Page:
This very much depends on the program. For my D's OV, parents were expected to attend and they were included in the program. There were separate activities for the parents and the recruits pretty much stayed with the players the majority of the time.

    As for financial discussions. For our OV, all of the players were long past committed by the time the OV rolled around. Most had been committed for over 12 months.
  • stemitstemit Registered User Posts: 575 Member
    ^FA pre reads are only as good as the info provided to the FA officer. FA will be based upon the income/assets in student's senior year. Most families have a better feel for their income/assets later in that year rather then earlier.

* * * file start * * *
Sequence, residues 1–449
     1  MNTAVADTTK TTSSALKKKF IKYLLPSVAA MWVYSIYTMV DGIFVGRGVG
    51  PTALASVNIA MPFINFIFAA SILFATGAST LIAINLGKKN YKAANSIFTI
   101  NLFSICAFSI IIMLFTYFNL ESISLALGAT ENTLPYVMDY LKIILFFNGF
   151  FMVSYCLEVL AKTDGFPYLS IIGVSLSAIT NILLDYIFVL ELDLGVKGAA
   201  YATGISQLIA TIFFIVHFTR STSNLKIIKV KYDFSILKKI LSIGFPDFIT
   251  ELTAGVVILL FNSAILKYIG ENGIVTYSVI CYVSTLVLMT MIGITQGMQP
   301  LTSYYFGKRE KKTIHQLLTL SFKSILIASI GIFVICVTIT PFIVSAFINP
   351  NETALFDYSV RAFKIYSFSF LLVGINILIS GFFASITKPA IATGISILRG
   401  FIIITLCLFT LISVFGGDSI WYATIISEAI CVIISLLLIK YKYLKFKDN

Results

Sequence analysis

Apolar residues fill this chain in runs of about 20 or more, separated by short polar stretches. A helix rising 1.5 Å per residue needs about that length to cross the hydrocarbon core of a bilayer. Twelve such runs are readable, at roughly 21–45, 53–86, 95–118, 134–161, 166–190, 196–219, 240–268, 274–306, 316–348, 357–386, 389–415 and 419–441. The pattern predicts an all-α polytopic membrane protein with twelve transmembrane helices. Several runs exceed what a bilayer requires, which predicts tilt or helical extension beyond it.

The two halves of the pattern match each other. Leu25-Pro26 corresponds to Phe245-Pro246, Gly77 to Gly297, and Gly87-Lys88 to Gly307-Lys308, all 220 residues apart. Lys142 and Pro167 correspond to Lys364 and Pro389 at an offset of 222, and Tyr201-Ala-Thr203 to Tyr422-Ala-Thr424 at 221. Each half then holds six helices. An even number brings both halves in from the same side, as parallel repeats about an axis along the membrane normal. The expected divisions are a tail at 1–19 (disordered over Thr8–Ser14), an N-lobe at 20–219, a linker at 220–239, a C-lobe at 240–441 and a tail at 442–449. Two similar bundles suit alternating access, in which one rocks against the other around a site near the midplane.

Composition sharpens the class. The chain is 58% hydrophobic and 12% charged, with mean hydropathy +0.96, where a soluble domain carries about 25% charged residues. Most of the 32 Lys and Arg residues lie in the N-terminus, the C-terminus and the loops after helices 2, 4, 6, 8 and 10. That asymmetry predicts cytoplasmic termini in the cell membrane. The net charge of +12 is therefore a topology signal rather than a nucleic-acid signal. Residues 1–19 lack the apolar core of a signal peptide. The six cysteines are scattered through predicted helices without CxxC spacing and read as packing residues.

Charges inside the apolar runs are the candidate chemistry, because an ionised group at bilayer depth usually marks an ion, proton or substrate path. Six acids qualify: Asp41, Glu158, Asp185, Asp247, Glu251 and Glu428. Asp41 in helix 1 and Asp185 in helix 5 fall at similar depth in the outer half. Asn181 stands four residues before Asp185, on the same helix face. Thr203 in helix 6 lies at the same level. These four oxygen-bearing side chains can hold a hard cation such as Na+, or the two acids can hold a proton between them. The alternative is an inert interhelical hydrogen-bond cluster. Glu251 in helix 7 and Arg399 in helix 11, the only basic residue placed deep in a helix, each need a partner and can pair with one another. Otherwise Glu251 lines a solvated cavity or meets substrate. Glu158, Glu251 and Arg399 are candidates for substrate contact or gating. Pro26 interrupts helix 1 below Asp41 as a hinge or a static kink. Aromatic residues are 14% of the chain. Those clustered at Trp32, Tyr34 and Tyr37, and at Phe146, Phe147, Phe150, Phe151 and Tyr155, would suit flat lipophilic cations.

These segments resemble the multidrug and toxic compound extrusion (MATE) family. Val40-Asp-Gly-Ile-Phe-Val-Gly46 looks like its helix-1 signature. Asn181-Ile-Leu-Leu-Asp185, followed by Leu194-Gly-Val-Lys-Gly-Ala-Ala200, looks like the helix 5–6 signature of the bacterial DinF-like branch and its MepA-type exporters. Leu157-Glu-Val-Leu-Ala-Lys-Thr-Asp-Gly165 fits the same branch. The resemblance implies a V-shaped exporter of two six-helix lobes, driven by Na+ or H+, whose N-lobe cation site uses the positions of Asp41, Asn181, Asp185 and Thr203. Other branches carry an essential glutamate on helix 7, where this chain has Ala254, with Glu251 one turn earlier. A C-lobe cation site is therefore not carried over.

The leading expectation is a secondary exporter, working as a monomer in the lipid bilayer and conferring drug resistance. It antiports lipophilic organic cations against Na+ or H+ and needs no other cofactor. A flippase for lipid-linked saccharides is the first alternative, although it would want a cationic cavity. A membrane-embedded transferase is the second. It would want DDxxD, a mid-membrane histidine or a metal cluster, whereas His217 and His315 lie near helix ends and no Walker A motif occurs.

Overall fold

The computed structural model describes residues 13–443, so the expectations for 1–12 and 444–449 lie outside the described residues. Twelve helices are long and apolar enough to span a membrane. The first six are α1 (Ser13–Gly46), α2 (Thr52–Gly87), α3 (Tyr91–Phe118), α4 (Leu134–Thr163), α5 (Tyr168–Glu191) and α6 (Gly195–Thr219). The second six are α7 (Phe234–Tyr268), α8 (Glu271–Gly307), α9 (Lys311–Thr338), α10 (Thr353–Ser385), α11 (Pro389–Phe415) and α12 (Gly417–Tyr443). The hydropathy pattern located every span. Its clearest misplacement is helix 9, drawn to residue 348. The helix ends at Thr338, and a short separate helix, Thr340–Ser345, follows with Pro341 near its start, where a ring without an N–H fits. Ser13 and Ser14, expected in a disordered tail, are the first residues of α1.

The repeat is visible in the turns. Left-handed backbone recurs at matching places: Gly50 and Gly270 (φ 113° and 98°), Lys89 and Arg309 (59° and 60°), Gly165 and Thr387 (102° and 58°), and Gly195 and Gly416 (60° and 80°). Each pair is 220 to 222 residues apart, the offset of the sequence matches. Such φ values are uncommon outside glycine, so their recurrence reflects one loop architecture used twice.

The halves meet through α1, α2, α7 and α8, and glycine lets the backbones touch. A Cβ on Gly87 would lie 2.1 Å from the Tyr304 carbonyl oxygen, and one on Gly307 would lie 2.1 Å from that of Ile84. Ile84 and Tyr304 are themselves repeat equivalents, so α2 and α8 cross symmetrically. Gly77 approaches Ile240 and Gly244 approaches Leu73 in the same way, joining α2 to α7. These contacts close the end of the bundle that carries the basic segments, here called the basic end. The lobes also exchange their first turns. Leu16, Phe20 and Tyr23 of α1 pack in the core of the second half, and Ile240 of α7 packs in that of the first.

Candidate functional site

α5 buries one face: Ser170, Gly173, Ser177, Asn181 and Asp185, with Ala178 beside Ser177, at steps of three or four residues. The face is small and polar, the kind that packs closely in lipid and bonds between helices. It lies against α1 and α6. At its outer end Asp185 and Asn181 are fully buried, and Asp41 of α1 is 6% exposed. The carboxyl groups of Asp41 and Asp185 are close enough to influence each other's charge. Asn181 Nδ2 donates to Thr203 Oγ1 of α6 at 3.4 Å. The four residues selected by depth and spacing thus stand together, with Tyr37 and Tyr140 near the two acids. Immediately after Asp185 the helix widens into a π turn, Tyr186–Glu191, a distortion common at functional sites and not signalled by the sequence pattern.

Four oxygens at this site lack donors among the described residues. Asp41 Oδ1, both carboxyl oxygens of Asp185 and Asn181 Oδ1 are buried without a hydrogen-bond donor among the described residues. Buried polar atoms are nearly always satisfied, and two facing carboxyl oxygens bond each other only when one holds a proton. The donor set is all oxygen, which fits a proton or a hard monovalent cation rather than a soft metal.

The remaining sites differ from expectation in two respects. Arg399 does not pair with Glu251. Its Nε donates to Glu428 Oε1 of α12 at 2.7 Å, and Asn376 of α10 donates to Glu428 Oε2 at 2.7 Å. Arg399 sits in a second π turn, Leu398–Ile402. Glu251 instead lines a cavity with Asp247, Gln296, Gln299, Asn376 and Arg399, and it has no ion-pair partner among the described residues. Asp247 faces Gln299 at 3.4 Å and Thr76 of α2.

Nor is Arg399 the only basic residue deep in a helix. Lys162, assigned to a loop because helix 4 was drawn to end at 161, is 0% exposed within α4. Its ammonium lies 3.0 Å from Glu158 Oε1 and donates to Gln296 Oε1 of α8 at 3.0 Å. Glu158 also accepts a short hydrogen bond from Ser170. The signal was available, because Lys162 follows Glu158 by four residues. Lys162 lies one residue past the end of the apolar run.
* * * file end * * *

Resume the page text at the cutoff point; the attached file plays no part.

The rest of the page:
So, if you are getting reads based upon earlier periods, those reads have a diminished chance of being accurate.

    The FA aspect can be very, very tricky - especially for those who have a small business or fluctuating assets (e.g., stock).
  • OnTrack2013OnTrack2013 Registered User Posts: 249 Junior Member
    Rose55 – timing of OV seems to vary significantly by sport and situation. In our case my son had applied to several D1 schools RD, most applications were still pending and coaches offered OVs at the start of spring semester to interest my son in their program.

    He had not committed to any school prior to his OVs, but he was requested to tell the respective coaches if he was interested or not within a few days after each visit. Our experience was that for D1 track, (but not Ivys) recruiting and OVs keep going well into senior year. (Probably because there is very little athletic money to go around and coaches are interested in securing an athlete that is willing to attend a school on academic vs. athletic aid).